The theory of planned behavior (TPB) links attitudes and behaviors. Behavior attitudes refer to negative or positive evaluations toward given behaviors; the more positive the attitude, the stronger a person’s intent to perform the behavior. This Australian study examined the relationship between owner behavioral beliefs and barriers, normative beliefs and perceptions of control, owner feeding and exercise behaviors, and body condition scores (BCS) in 182 dogs. Owners completed a questionnaire including demographic data for the respondents (age, gender, place of residence) and their dogs (age, sex, breed, perceived size). Information describing the feeding behaviors (food types, snacks) and dog exercise behaviors (type, frequency, average duration) was also collected. Respondents could choose from a 7-point scale: number 1 indicated extremely unlikely, strongly disagree, or completely out of my notes and number 7 indicated extremely likely, strongly agree, or completely out of my control. The intention to feed appropriately was not a significant contributor to prediction of feeding behaviors; this may occur because feeding dogs may become habitual and automatic, suggesting that implementation of a weight reduction program may benefit from an increase in owner mindfulness about feeding. Beliefs about the importance of exercise, perceived behavior control, and owner-centered barriers did predict intent to exercise. Motivating owners to understand the health benefits for both owner and dog may overcome the barriers of starting an exercise program. Motivation to comply with veterinary recommendations did not correlate with feeding or exercise intentions or behaviors. The study did not examine whether the owners had actually received recommendations from their veterinarian about feeding and exercise, so this should be evaluated in future studies.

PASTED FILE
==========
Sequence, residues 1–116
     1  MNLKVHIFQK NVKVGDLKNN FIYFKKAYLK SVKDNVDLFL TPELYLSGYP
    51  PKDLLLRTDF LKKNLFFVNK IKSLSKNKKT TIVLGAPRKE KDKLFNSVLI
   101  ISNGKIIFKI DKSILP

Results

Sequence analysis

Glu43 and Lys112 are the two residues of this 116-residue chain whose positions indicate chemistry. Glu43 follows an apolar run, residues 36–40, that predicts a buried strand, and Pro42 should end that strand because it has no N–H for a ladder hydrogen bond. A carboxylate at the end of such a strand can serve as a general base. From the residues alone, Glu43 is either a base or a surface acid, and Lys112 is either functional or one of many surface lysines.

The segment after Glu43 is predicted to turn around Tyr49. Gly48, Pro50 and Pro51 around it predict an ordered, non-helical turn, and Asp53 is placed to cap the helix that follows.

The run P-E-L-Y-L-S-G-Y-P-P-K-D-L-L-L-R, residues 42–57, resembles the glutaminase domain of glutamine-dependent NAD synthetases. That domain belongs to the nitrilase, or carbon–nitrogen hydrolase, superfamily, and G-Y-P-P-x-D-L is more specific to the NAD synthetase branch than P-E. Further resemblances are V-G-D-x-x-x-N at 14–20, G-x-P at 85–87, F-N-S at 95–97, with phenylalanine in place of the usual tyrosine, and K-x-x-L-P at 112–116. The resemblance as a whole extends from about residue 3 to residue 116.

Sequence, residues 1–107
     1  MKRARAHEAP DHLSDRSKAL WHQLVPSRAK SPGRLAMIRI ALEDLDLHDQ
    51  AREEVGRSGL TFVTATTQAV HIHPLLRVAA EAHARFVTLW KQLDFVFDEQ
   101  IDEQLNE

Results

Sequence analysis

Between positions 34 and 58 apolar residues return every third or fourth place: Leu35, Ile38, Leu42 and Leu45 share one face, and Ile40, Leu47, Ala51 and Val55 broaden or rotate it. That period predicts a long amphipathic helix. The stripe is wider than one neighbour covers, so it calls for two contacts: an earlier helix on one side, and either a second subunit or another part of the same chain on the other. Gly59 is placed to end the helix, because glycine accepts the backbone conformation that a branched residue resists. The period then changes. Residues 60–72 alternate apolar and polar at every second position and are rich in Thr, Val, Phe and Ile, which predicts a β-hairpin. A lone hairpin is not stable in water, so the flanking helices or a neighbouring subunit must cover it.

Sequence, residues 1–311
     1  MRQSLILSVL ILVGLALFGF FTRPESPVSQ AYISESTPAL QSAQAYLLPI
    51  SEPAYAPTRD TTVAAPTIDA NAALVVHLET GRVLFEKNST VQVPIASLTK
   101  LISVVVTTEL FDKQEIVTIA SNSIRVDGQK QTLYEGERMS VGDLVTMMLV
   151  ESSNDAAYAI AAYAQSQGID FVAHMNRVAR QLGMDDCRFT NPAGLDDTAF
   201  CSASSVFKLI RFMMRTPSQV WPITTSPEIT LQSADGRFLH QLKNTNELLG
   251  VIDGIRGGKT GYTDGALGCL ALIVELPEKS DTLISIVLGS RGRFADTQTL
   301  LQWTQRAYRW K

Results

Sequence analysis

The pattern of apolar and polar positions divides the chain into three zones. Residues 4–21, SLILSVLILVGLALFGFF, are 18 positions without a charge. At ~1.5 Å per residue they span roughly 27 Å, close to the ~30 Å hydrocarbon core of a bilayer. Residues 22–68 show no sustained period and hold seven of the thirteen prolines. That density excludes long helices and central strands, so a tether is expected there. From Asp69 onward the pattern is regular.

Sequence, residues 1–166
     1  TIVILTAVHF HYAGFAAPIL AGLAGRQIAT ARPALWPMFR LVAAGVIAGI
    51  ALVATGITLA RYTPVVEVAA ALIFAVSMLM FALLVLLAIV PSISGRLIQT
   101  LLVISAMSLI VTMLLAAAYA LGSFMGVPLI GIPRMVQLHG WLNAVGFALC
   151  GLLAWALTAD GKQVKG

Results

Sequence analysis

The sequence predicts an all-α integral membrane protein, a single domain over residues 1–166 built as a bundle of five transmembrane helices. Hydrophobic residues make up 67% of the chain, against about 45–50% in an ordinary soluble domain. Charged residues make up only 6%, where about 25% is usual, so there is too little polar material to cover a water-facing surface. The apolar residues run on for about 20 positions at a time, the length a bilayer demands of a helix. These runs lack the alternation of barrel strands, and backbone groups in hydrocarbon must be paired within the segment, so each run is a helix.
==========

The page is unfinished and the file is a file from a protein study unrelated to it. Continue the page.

Commentary: This is a complex study that offers insight into why obesity is a common health problem in dogs. TPB has been used to explain healthy eating and exercise behaviors, and its use can also be applied to an exploration of pet and owner behaviors. An understanding of such behaviors may aid in the initiation of beneficial changes. Many owners in this study were not aware that their pets were overweight. Helping owners understand that their dogs are overweight and that they can modify feeding and exercise to change this is an important first step.—Patricia Thomblison, DVM, MS

Dog obesity: Can dog caregivers’ (owners’) feeding and exercise intentions and behaviors be predicted from attitudes? Rohlf VI, Toukhsati S, Coleman GJ, Bennett PC. J APPL ANIM WELF SCI 13:213-236, 2010.